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Murray: 'RIBA president should tell architects to ignore Olympic marketing protocol'

London Festival of Architecture founder Peter Murray has urged RIBA president Angela Brady to take a tougher stance on the Olympic 2012’s controversial marketing restrictions

Murray was responding to a ‘delicate’ statement released this morning by the RIBA supremo about Olympic marketing in which she said it was ’vital that those who have been involved in designing and delivering our great new Olympics projects [were] able to get appropriate recognition for their contribution.’ (see full statement below).

Brady’s comments came just hours after shadow Olympics minister Tessa Jowell (see The Guardian) openly attacked the rules which prevent businesses working on the Games, but which are not official sponsors, from promoting their involvement in the Olympics or entering awards.

Jowell, who was instrumental in putting together the original bid in 2005 and remains on the Olympic board, said the rules constrained the ability of British architects to make the most of their achievement in building the venues that will host the Games.

Murray said: ‘Brady is treading a delicate political line but I wish in this instance she had been more outspoken. Time is very short and the situation is a mess. Ministers are saying privately that architects should ignore the protocol.

‘Some architects have been told that they shouldn’t worry because LOCOG will soon cease to exist. However the Minister of Sport Hugh Robertson has said in the House that all contracts will be transferred to the British Olympic Committee after the Games. Who knows what position they might take?

Murray, who has repeatedly spoken out about the ‘damaging’ rules, concluded: ‘If the Government is unwilling to do anything about this within a sensible time scale, while urging British business to use the Games to promote their work internationally, perhaps the President of the RIBA should tell architects to ignore the No Marketing Rights Protocol as an unreasonable Restraint of Trade.’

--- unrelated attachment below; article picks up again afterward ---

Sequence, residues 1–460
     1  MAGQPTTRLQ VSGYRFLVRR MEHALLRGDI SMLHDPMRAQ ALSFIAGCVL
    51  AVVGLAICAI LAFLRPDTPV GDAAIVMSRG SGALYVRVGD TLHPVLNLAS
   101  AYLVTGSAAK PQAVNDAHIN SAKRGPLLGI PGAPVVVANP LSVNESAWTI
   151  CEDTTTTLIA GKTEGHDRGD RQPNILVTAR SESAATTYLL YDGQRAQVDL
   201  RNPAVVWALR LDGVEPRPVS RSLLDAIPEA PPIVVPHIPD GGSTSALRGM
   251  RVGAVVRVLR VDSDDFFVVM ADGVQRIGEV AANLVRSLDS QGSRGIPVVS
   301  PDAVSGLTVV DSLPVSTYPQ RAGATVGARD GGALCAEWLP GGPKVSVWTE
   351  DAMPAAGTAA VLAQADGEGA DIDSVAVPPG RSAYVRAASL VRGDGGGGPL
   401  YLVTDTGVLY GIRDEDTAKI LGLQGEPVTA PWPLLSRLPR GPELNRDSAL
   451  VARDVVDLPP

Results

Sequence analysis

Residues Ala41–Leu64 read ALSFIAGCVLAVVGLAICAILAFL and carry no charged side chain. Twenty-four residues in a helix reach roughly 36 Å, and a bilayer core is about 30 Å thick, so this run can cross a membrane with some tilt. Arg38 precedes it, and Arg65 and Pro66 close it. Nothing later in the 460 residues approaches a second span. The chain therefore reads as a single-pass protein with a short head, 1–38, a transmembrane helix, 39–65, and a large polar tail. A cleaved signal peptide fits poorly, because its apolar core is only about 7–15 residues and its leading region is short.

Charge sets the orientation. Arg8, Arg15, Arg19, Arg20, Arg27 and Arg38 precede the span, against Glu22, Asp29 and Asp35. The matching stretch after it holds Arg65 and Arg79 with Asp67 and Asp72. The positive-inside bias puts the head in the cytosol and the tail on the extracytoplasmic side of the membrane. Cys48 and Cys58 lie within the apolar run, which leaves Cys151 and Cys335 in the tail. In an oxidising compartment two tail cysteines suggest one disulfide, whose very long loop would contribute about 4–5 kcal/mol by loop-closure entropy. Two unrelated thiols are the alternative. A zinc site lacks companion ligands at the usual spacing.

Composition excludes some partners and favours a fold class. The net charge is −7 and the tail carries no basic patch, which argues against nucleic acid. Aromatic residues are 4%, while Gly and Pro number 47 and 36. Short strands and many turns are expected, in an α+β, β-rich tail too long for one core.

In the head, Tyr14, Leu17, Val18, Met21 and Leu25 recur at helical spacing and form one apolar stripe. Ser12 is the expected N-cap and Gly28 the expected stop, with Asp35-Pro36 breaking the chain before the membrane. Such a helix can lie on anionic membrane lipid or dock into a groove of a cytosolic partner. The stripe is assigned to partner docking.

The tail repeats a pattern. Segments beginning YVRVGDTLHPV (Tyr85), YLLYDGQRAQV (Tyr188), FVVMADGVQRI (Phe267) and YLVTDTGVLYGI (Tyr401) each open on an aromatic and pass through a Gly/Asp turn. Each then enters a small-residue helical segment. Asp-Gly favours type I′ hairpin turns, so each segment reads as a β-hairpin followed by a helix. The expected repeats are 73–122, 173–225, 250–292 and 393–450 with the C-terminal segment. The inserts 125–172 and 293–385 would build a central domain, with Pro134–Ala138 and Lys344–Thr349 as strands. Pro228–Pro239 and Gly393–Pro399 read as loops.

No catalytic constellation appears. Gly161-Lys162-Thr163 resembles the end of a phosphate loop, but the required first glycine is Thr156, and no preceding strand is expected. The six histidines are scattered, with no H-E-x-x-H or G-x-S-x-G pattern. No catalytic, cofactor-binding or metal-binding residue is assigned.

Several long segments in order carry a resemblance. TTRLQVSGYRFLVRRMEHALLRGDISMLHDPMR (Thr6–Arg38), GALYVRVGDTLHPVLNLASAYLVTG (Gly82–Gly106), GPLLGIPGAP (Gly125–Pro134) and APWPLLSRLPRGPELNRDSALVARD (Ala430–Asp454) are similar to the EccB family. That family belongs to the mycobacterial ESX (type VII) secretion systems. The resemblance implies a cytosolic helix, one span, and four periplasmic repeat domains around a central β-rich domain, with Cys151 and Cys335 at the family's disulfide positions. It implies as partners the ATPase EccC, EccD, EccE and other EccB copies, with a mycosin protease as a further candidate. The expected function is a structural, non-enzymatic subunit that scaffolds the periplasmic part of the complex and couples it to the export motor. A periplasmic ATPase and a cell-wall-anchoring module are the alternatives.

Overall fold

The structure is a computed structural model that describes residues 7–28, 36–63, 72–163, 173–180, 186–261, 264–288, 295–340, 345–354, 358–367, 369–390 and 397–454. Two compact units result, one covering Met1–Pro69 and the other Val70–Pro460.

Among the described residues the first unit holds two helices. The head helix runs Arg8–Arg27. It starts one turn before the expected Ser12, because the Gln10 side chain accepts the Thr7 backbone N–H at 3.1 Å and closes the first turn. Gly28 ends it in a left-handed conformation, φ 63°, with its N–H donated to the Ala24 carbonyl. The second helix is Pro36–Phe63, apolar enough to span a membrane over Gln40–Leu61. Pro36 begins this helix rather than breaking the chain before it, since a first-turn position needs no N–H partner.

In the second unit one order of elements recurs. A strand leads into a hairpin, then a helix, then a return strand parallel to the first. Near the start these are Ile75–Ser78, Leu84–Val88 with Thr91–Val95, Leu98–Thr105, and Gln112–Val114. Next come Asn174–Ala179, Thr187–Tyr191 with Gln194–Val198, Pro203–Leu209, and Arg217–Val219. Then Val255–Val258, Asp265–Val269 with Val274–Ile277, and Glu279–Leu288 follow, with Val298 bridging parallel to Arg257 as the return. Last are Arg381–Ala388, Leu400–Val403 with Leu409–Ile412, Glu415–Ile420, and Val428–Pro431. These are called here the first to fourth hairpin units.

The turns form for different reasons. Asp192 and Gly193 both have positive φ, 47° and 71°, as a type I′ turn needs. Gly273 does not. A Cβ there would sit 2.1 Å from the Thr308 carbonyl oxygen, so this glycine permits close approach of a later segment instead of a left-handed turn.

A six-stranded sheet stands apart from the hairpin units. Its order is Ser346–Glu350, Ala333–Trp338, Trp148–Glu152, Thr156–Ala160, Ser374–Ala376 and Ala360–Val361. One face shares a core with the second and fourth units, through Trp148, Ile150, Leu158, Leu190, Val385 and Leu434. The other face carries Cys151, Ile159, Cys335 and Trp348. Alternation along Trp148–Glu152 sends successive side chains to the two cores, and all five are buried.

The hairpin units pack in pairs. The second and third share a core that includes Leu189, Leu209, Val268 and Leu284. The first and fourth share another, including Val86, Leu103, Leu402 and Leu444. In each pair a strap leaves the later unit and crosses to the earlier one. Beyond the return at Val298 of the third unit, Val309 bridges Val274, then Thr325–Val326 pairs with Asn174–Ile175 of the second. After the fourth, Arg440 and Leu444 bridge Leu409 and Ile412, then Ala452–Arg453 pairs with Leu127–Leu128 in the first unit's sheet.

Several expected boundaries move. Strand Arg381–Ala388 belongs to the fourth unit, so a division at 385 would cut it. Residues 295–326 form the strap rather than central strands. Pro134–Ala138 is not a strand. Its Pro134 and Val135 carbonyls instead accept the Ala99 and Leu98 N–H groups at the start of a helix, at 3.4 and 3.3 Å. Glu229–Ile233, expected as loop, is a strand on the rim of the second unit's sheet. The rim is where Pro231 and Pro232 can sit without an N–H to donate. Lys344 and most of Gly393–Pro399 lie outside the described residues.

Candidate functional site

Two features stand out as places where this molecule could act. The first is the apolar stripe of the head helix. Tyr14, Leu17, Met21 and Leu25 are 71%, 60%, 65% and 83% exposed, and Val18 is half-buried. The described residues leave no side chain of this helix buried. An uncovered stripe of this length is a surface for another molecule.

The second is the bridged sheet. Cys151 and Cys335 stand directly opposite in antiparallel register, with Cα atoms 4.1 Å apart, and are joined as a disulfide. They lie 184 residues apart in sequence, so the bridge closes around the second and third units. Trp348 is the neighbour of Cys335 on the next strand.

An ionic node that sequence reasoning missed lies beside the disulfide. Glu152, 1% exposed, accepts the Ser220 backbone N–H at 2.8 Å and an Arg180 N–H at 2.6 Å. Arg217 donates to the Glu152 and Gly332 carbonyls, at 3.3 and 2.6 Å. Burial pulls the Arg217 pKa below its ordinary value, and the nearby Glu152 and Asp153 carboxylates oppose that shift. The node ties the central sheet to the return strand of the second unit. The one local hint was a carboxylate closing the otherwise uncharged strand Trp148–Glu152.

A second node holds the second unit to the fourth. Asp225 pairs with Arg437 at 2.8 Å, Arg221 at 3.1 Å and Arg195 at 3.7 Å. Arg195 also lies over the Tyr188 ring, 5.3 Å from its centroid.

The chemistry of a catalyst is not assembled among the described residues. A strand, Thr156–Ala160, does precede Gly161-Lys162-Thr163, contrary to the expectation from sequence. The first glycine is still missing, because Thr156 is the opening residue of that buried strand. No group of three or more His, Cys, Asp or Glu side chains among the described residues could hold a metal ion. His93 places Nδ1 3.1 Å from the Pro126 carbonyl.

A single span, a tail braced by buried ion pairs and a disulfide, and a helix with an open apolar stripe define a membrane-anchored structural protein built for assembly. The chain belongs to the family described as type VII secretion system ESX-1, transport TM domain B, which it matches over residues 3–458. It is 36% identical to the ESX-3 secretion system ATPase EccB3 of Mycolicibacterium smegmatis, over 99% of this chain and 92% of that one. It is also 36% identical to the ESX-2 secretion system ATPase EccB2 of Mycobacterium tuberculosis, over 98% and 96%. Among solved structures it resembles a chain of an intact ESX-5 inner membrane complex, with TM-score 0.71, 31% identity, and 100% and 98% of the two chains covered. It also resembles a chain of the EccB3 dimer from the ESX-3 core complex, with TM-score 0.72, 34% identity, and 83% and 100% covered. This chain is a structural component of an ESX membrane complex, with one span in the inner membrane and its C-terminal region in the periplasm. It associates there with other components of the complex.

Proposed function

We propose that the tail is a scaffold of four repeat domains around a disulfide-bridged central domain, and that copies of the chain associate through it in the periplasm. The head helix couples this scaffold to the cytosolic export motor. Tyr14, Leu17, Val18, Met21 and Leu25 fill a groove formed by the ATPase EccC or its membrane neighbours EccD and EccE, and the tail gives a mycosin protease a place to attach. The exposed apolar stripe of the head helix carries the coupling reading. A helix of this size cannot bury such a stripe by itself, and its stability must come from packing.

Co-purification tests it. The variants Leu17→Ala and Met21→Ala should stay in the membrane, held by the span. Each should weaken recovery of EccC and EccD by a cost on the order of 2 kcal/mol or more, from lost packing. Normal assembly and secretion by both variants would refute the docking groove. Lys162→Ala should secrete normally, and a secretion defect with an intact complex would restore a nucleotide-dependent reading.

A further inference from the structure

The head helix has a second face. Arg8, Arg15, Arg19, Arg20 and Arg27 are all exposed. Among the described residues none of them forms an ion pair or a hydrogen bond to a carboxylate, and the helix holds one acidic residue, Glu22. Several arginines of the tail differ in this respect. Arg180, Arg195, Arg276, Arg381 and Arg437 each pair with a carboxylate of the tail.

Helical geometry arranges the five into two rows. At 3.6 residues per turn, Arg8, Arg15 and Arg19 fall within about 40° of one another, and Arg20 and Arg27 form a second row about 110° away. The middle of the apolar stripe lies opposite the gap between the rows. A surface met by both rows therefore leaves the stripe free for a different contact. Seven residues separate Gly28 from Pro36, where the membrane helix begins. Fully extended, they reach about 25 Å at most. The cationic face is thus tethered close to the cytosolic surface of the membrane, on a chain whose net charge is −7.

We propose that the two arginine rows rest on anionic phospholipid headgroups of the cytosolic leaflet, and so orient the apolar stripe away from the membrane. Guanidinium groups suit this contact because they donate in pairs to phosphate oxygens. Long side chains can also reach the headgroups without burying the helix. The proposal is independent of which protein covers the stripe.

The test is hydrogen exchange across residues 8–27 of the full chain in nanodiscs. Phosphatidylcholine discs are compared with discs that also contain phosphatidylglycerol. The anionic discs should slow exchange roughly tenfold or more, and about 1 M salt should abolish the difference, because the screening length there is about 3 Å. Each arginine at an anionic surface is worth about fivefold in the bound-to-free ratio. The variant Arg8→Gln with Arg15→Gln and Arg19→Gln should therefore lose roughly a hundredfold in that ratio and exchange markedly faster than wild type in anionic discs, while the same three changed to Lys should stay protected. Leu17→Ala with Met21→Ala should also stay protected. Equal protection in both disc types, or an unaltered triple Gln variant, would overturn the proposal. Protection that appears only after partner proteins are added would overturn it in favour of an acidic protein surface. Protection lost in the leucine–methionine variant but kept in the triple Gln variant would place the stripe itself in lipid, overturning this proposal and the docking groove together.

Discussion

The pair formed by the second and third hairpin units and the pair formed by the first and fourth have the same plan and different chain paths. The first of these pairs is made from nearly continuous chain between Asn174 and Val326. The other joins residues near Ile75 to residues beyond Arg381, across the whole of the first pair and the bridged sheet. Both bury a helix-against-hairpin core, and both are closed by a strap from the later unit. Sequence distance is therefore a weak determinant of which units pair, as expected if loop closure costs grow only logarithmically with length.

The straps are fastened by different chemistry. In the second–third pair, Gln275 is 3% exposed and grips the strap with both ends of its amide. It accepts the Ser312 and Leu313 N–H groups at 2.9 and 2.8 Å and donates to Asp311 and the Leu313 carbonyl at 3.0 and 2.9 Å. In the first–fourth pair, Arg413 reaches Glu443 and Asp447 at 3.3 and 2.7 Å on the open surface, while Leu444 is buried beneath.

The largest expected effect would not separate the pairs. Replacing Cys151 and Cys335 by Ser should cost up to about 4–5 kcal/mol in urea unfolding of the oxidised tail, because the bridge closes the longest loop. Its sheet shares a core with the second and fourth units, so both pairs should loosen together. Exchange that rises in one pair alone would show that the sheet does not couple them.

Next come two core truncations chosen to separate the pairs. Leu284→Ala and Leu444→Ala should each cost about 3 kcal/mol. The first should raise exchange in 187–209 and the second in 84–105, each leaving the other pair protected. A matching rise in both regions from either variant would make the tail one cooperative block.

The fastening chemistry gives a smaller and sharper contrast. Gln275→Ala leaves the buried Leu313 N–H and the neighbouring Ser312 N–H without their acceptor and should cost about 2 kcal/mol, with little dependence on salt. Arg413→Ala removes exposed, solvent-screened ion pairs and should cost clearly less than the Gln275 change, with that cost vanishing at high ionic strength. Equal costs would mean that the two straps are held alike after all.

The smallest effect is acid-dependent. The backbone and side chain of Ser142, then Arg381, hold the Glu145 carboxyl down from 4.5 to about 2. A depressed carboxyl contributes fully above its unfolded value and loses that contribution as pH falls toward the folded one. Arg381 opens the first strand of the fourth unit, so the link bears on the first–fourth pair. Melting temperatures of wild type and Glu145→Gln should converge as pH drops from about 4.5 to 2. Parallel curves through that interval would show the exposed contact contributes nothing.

Wilkinson Eyre was forbidden to enter the RIBA Awards with its 2012 basketball arena because of the protocol.

RIBA President Angela Brady’s comments (12.07.2012):

‘It is vital that those who have been involved in designing and delivering our great new Olympics projects are able to get appropriate recognition for their contribution. This is something that I have been doing as PRIBA in my recent talks in China, Vietnam and Europe and at the recent AIA convention in Washington. Everyone seems genuinely wowed by our brilliant buildings and the legacy plan for after the Games are over.

The RIBA has recognised some of the most successful Olympic projects through the 2012 RIBA awards, including the Lee Valley White Water Centre by Faulkner Brown and the Olympic Stadium by Populous; in 2011, the Velodrome by Hopkins was on the RIBA Stirling Prize shortlist and in 2010 the Primary Sub Station for 2012 Olympics by Nord. We hope to be able to judge more Olympic award entries in future.

The RIBA’s ‘Design Stories: The Architecture Behind 2012’ exhibition has been supported by LOCOG and is officially part of the London 2012 Festival.  The RIBA has greatly valued the support that LOCOG has given in approving and assisting with this exhibition.  It is correct that we have had to abide by certain restrictions placed by LOCOG on the way architectural practices who have built Olympic venues are referred to. But all the relevant practices are named and their work presented through models, images, films and text. 

There has been some acknowledgement, most recently last week by the Prime Minister, that companies involved in Olympic projects must be allowed to make the most of their success. David Cameron has committed to working with the British Olympic Association and the IOC to make sure that Olympic marketing rules don’t get in the way.

The RIBA has had a good relationship with the ODA and LOCOG over the last 5 years of preparation for the Games, and has played an ongoing advisory role.”

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